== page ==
600 feet above the street: Sherwin-Williams sets HQ height


Sherwin-Williams’ new global headquarters tower will be a significant presence in downtown Cleveland’s skyline. At just over 600 feet tall, only SHW’s three neighbors on Public Square will be taller than SHW’s HQ (Ian McDaniel).

An executive-level committee at Sherwin-Williams (SHW) has made a critical decision — the final height of its new headquarters tower just west of downtown Cleveland’s Public Square. According to sources on the HQ design team, the height decided by SHW’s Building Our Future Committee is 600 feet.

The tower’s height may actually be a few feet over 600, depending on the size of rooftop fixtures and other related structures ordered. The number of floors also approaches 40 stories, but the number isn’t easy to specify since there are planned lobby mezzanines and penthouse levels that can be counted or discounted based on preference.

Over the past few months, the SHW HQ design team digitally stretched and manipulated diagrams of the proposed 1-million-square-foot tower. They made floorplates larger or smaller, added or subtracted indents and terraces in the exterior, and altered the roofline in various ways. Each of those myriad of options was presented to the committee for review and elimination until only one was left.

Work crews site preparation

Work crews were doing site preparation work last week in advance of a winter groundbreaking for the new SHW HQ that will join Cleveland’s three tallest skyscrapers seen here. From left, they are Key Tower, 200 Public Square and Terminal Tower. SHW’s HQ will be slightly shorter than 200 Public Square (KJP).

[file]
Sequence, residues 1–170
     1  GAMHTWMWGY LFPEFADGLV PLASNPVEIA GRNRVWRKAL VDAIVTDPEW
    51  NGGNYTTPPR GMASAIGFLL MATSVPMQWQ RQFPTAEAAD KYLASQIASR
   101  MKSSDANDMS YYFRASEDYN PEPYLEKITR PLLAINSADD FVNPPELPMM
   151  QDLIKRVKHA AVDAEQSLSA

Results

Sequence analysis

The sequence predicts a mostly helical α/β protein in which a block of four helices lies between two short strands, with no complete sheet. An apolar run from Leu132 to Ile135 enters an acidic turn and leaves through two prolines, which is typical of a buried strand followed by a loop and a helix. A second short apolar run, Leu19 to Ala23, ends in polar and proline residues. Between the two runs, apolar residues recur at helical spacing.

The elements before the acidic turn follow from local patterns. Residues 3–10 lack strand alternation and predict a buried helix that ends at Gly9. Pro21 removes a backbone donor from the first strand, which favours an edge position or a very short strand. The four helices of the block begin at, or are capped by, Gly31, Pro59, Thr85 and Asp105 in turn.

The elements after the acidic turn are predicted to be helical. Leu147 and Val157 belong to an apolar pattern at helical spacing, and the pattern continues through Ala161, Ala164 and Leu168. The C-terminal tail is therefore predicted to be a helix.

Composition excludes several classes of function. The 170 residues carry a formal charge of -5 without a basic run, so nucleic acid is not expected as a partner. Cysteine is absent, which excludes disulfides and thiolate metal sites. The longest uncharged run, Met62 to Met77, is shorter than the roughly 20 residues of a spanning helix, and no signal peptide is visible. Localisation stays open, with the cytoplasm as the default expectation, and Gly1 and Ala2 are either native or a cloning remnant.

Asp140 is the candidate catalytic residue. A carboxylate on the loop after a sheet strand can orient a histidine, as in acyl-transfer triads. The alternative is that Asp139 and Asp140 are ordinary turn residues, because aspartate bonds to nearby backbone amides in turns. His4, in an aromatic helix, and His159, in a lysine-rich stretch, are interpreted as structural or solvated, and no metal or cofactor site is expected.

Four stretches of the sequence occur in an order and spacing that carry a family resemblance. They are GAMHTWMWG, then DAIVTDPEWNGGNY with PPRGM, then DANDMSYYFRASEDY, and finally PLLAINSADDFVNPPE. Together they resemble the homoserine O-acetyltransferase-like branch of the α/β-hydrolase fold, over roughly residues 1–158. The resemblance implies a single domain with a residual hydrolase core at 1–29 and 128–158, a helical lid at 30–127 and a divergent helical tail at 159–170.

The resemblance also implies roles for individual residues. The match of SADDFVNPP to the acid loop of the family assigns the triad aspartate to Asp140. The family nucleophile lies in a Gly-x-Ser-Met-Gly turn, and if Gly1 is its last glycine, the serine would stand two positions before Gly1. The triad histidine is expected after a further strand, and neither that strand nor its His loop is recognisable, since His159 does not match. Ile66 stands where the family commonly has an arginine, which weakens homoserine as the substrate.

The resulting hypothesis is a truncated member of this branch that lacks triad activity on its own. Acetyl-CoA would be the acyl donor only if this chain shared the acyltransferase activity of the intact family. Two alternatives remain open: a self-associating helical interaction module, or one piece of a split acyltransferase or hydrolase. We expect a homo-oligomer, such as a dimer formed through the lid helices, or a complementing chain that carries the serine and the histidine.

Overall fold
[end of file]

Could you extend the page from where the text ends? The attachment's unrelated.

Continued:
NEOtrans has asked for a copy of the rendering that was selected but sources are very concerned about being discovered. SHW has threatened to prosecute anyone who leaks information to media and others outside a designated inner circle. So only word descriptions and some briefing documents have been provided so far. NEOtrans is not sharing scans of the briefing documents at the request of sources.

With a final conceptual design selected, the design team will compose detailed blueprints of each floor and the exterior based on that concept and submit them to the city for approval. But it should be noted that the City Planning Commission and Building Department have been directly involved in the HQ’s design.

So even though it will still be a month or two before those designs are publicly released, the city’s review and approval process should move along very quickly. The city and SHW’s design team have been in constant communication so neither is expecting any surprises from each other.

BOK Park Plaza tower in Oklahoma City

BOK Park Plaza tower in Oklahoma City, also designed by SHW architect Pickard Chilton, has some similarities to what is envisioned for SHW’s HQ. This would be similar to the view looking south on West 3rd Street from Frankfort Avenue. The parking deck is at right, connected to the HQ tower by a skywalk over an alley like Frankfort. In Oklahoma City, that low-rise building at left is an auditorium designed by Pickard Chilton for Devon Energy’s HQ. It would be similar to but smaller than SHW’s proposed learning center (Google).

  • The site plan (first revealed here on NEOtrans in January a month before the public release) continues to be divided into four basic parts: HQ office tower, learning center, parking deck and future development sites.
  • HQ office tower at 600+ feet tall will have an ultraviolet filter glass curtain wall exterior, square floorplates, and angled roofline similar to that of the twin Atria II or III office buildings in North York, Ontario, in suburban Toronto.
  • The office building will have two outdoor terraces (NEOtrans previously reported it would have only one) in the lower mid-section of the the tower, with one terrace overlooking Public Square and the other looking in the opposite, westerly direction.
  • The westerly terrace suggests no neighboring tower is anticipated by SHW in the foreseeable future as it would block views from the terrace.